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ILM Works its Magic for ‘Doctor Strange’

VFX supervisor Richard Bluff describes Industrial Light & Magic’s dazzling New York and Hong Kong sequence work in Marvel’s supernatural adventure hit.

Doctor Strange, the 14th installment from the Marvel Cinematic Universe, opens up a world of new dimensions as our hero is forced to use his newfound magic skills to defend the world from the most powerful sorcerer in existence.

The Disney release, which has grossed over $673 million worldwide, is directed by Scott Derrickson and stars Benedict Cumberbatch in the titular role. Released this past Nov. 4, it tells the story of world-famous neurosurgeon Dr. Stephen Strange, whose life changes forever after a horrific car accident robs him of the use of his hands. When traditional medicine fails him, he is forced to look for healing in an unlikely place – a mysterious enclave known as Kamar-Taj. He quickly learns that this is not just a center for healing but also the front line of a battle against unseen dark forces bent on destroying our reality. Before long, Strange – armed with newly acquired magical powers – is forced to choose whether to return to his life of fortune and status or leave it all behind to defend the world.

Among a list of accolades, the film was nominated for six VES awards, one Annie award, and an award from the Art Directors’ Guild, along with an Oscar nomination for best visual effects for lead visual effects supervisor Stephane Ceretti, ILM visual effects supervisor Richard Bluff, Luma Pictures VFX supervisor Vincent Cirelli and special effects supervisor Paul Corbould.

“Conceptually, the movie was very difficult to pull off because there were lots of things that Marvel had never tried before,” notes Ceretti. “In terms of technical challenges, we had quite a few, but the biggest challenge was to bring magic to the Marvel Cinematic Universe in a fresh and innovative way. We tried to push the concept very far so there was a lot of R&D to make the magic new and fresh and also [travelling between] dimensions. All of these things were conceptual challenges.”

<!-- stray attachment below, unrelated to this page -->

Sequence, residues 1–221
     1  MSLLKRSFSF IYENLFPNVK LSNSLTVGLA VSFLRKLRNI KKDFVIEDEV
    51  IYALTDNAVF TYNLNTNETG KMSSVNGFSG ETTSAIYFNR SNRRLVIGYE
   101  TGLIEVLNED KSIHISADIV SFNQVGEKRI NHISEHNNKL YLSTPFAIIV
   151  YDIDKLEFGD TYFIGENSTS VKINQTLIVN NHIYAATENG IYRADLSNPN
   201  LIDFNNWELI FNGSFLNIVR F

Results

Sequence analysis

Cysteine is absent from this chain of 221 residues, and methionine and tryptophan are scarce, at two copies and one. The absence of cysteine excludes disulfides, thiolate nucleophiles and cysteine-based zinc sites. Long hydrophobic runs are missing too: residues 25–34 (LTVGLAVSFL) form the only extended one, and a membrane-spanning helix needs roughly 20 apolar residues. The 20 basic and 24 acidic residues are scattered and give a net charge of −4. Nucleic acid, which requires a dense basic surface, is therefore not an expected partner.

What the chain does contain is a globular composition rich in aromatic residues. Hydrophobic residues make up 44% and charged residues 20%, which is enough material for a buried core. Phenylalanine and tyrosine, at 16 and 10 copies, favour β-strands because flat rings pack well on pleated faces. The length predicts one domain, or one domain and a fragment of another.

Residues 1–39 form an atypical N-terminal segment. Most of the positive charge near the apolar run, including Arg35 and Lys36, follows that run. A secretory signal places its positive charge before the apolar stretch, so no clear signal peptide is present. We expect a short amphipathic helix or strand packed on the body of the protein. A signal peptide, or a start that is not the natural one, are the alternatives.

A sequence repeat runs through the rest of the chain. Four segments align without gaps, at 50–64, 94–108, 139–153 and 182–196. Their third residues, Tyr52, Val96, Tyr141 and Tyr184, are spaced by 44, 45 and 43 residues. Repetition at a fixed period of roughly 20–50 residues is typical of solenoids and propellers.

Ceretti explains that the film had around 1,450 visual effects shots, and all of them were complex. The otherworldly nature of the film called for extensive previs and postviz, which was critical for production. The previs served as a guide for filmmakers in executing the scenes.

As the film’s lead visual effects supervisor, he oversaw artists at ILM, Framestore, Method and Luma, plus six other vendors.

Facing a six-month post schedule was also quite a challenge, given the volume of work, but Ceretti came on board in September 2014, 14 months before principal photography started, which gave him a significant window for prep time during pre-production.

According to Ceretti, key scenes were handled as follows: Method Studios in L.A. handled a sequence dubbed “the magical mystery tour” as the protagonists travel through different dimensions; Method Studios’ Vancouver facility handled the car crash as well as all of the work in Kathmandu, including set extensions; Luma handled the opening sequences, the sequences at the cathedral and the dark dimension, as well a section at the end when Doctor Strange meets Dormammu; Framestore handled the big fight sequences as well as the Sanctum Sanctorum and most of the Astral world.

In addition, ILM was responsible for roughly 300 shots. VFX supervisor Richard Bluff was brought on board soon after Ceretti joined the show to handle two of the film’s key sequences – the destruction and subsequent rebuilding of Hong Kong, and warping New York around portals as Strange battled Kaecilius and the zealots.

Bluff worked directly with ILM’s London VFX supervisor Mark Bakowski, who oversaw the majority of the Hong Kong sequence. In the sequence, Dormammu has arrived on Earth, destroying Hong Kong in the process. Strange uses his powers to dial back time, restoring the city.

“London had its own supervisory team on the ground, and they were largely executing the [shots],” explains Bluff. “I think the majority of the exploration was really on the characteristics, the motivations and the specifics of the destruction. We had to ensure that the rebuilding of the destroyed city in the background didn't draw attention away from the characters, and that it didn't feel too convenient on the in-and-out points of the shots…that we didn't have convenient reconstructions going on. There needed to be a flow across a large body of shots.”

Bluff describes how he would review footage daily from London and send notes back to Bakowski. “A couple of times a week we would sync up and view the shots together, and discuss any concerns or issues or things that we wanted to redirect. Considering how our studios are hooked up, it was fairly seamless.”